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Grandparents, Babysitters And Friends – The Informal Childcare Rules You Need To Know

You’ve got someone to look after the kids so you’ve got a night out – just make sure you’re playing it by the book

Childcare costs are rising. So if you’re able to turn to grandparents, friends and older children to help look after the kids while we’re at work it seems like a no-brainer. But you still need to get certain rules in place.


If you would be lost without your mum and dad to help look after the kids, you’re not alone. More than a third of British families rely upon grandparents as their main form of childcare, according to the Daycare Trust.

On average, grandparent carers provide 10 hours of childcare each week – with many providing wrap-around care during school holidays or additional hours before and after nursery. This is really hand if you need to supplement the 15 hours free early education, for example.

Most report being happy to look after their grandchildren, but it’s worth coming to an arrangement on hours – especially if your mum and dad still work. Establish how many hours they will do and encourage them to be honest about their limitations. It should be a joy, not a duty.

Also be upfront about costs and be sure to reimburse them for travel, days out and food. Childcare provided by a relative is generally not eligible for the Childcare Tax Credits – in order to claim this, a grandparent would have to register as a childminder, publically advertise their services and be paid to care for at least one other non-related child.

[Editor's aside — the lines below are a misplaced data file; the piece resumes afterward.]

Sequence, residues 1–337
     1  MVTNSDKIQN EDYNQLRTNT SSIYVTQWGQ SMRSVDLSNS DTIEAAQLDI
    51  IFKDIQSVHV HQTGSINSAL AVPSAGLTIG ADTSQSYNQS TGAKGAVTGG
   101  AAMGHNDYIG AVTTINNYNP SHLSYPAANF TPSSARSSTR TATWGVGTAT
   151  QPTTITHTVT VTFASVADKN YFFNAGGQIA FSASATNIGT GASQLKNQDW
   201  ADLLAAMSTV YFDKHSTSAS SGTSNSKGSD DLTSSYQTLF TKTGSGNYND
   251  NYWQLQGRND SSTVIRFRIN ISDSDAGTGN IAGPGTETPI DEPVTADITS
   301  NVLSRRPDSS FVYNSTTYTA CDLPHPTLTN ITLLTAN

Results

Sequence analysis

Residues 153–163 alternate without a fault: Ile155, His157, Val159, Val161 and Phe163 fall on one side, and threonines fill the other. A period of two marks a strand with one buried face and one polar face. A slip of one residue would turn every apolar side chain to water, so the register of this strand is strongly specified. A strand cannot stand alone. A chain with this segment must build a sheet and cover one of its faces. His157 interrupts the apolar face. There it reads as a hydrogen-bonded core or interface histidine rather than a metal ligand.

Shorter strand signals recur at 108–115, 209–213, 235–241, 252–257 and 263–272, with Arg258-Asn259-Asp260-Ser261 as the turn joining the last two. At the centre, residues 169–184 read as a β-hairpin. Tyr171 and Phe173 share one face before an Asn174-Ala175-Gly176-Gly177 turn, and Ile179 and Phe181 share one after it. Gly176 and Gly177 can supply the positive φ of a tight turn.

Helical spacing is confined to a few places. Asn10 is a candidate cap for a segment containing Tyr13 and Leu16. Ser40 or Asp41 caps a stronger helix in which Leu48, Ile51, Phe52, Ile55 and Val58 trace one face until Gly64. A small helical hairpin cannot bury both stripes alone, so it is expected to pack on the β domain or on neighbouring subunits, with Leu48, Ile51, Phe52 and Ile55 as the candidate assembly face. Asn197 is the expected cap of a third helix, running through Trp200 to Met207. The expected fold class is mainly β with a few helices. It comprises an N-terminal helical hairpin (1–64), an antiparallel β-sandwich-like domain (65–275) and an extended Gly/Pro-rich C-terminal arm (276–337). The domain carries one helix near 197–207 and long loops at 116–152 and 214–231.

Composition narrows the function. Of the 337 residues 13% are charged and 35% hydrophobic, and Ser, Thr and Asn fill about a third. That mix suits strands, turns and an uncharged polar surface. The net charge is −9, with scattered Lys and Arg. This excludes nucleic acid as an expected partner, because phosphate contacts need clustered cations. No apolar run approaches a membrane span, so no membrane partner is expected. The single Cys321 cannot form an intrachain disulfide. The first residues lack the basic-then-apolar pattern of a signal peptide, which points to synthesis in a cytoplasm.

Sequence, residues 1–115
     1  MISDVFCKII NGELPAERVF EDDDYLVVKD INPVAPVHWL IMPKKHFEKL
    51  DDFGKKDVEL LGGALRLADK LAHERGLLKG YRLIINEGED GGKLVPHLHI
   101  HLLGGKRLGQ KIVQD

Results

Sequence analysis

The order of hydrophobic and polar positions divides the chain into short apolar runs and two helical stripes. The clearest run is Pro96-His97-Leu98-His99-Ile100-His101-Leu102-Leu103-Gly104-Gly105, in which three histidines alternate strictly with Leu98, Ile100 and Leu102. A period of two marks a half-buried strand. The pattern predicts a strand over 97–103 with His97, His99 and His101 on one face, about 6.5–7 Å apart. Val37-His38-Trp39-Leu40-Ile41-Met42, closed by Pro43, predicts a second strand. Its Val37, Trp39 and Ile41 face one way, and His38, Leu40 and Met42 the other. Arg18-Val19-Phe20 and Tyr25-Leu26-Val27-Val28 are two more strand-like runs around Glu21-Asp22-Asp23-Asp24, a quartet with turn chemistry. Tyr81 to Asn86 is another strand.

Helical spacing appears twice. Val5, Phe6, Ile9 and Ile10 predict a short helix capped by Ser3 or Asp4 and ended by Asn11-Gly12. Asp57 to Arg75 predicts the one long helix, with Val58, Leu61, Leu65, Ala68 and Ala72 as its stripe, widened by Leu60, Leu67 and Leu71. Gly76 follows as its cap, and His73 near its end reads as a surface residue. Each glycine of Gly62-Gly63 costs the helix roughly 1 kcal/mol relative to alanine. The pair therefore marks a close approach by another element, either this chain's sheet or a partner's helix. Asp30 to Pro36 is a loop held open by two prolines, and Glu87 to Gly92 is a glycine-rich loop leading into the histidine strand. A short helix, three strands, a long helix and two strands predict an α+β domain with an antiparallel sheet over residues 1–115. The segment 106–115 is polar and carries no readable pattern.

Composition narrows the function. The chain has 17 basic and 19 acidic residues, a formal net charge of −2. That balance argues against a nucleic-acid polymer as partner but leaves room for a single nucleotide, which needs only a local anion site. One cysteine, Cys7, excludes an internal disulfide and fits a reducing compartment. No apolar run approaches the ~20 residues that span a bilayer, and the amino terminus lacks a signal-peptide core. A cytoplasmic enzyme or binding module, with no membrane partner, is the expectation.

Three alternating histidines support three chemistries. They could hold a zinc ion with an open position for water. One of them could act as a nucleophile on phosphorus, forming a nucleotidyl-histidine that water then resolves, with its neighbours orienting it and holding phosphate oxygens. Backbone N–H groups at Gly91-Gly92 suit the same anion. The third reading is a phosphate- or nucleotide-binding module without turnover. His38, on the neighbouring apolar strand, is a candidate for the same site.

On average, grandparent carers provide 10 hours of childcare each week


While there are official babysitting organisations and services, if you call upon a sensible teenager or an older niece to watch younger children while you enjoy a night out, you’re not alone. As the law doesn’t specify how old someone needs to be to babysit, it’s up to your to decide whether that person is responsible enough. As we all know, some 16 year olds are far more mature than others.

The NSPCC advises that babysitters should be at least 16. It’s also worth noting that if you allow someone under the age of 16 to look after your child, you remain legally responsible for the child's safety. You can also be prosecuted for wilful neglect if you leave a child unsupervised "in a manner likely to cause unnecessary suffering or injury to health”.

Do you have childcare concerns? Here are some solutions to common problems

And older children aren’t just being called upon to watch the kids while we enjoy a night out. According to the Daycare Trust, around one in 10 families have used a carer aged between 15 and 24 in the last six months – with one third providing informal childcare on a regular basis so parents can go to work.

If you leave children with older siblings for any length of time, it’s advisable to make sure they’ve had first aid training and know what to do/where to get help in cases of emergency.


While grandparents, babysitters and friends do not need to be registered to look after your children you need to be careful if money exchanges hands.

It may seem a no-brainer to hand your brilliant niece £20 for looking after your toddler for the evening, but there are certain regulations around this. Ofsted rules state that friends cannot gain a reward for looking after a child aged under eight for more than two hours outside their home without being registered.

There are ways around this, though. A friend will not need to be registered if the children are all aged over eight, if they are looking after the children in their own home or if the care is for less than two hours a day.

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